Defenders of generous public sector pensions often argue that they are compensation for lower salaries. But in fact public sector salaries are not, on average, lower than those in the private sector. Because public sector workers are much more likely to be graduates than those in the private sector—think of all those nurses, doctors and teachers—average earnings are about 25 per cent higher. That raw difference in earnings means little. But IFS research suggests that when you carefully control for differences in education, age and experience, the public sector still enjoys a wage premium over the private sector, on average of 7 per cent. One effect of the two-year wage freeze in the public sector will be to close much of that gap. Yet once you take account of pensions, public sector workers are still—on average—significantly better rewarded than their equivalents in the private sector.
Of course, the advantages are uneven. For a start, the distribution of pay is more compressed in the public sector: the highest flyers do less well and the lowest flyers better than in the private sector. Wages also vary less by region in the public than in the private sector. Nurses and teachers are very well paid by the standards of labour markets in Wales and the north of England. They are not well paid in London. Job security no longer looks assured in the way it perhaps did in the past, although redundancy terms remain very generous.
That said, the typical public sector employee has a generous final salary pension; is a union member; is on a centrally set and nationally negotiated wage; and has a salary which varies little according to where he or she works. This is not how the private sector works—and if the government wants to address this difference it must rethink the whole package it offers its employees.
It must consider not only pensions, but how pay levels are determined. Are the pay review bodies, situated in the wonderfully-named Office of Manpower Economics, still fit for purpose? The lack of differentiation between wages in London, the southeast and the rest of the country also needs to be addressed. Carol Propper and colleagues at Imperial College have shown, for instance, how the relatively poor pay of nurses in London has a negative effect on health outcomes—such as increasing mortality rates in hospitals. Relatively high public sector pay in other parts of the country can also distort local labour markets.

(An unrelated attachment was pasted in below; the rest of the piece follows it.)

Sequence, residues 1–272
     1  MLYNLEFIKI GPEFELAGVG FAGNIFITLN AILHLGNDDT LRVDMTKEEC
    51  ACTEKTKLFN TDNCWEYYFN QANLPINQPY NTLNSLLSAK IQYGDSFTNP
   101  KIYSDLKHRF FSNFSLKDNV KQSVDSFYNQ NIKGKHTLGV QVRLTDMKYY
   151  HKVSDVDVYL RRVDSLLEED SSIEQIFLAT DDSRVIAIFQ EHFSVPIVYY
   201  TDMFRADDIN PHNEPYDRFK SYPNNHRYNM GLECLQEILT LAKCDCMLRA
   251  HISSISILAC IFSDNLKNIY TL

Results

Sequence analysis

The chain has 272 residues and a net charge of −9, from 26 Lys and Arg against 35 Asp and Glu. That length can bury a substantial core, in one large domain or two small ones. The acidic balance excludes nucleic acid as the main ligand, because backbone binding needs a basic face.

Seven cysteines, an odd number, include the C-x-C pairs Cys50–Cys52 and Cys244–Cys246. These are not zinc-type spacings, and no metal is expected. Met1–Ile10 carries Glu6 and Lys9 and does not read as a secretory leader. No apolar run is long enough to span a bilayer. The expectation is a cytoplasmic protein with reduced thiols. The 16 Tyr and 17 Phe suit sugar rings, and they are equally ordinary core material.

The government must also rethink the way in which individuals are managed. Large increases in NHS pay over the last decade did not buy much in the way of employee engagement. Surveys show that many public sector employees feel they have lost a sense of autonomy and control over their working lives. It is at least possible that the move away from centrally set targets, and the coalition’s ambition to foster localism, payment by results and institutional autonomy could all help with this.
Public sector workers are not uniquely hard done by in terms of their pay. If anything, the reverse is true. The proposed pension changes for teachers, nurses, civil servants and other public sector workers are much less dramatic than many in the private sector over the last decade. Public sector pension provision will remain much more generous than in the private sector. Given the capacity of government to absorb risk, this may be quite appropriate. But the government needs an overall view of the deal it wants to strike with its own workforce. As well as pension reform, it must address management practices and pay—and think harder about how it can support pensions in the private sector too.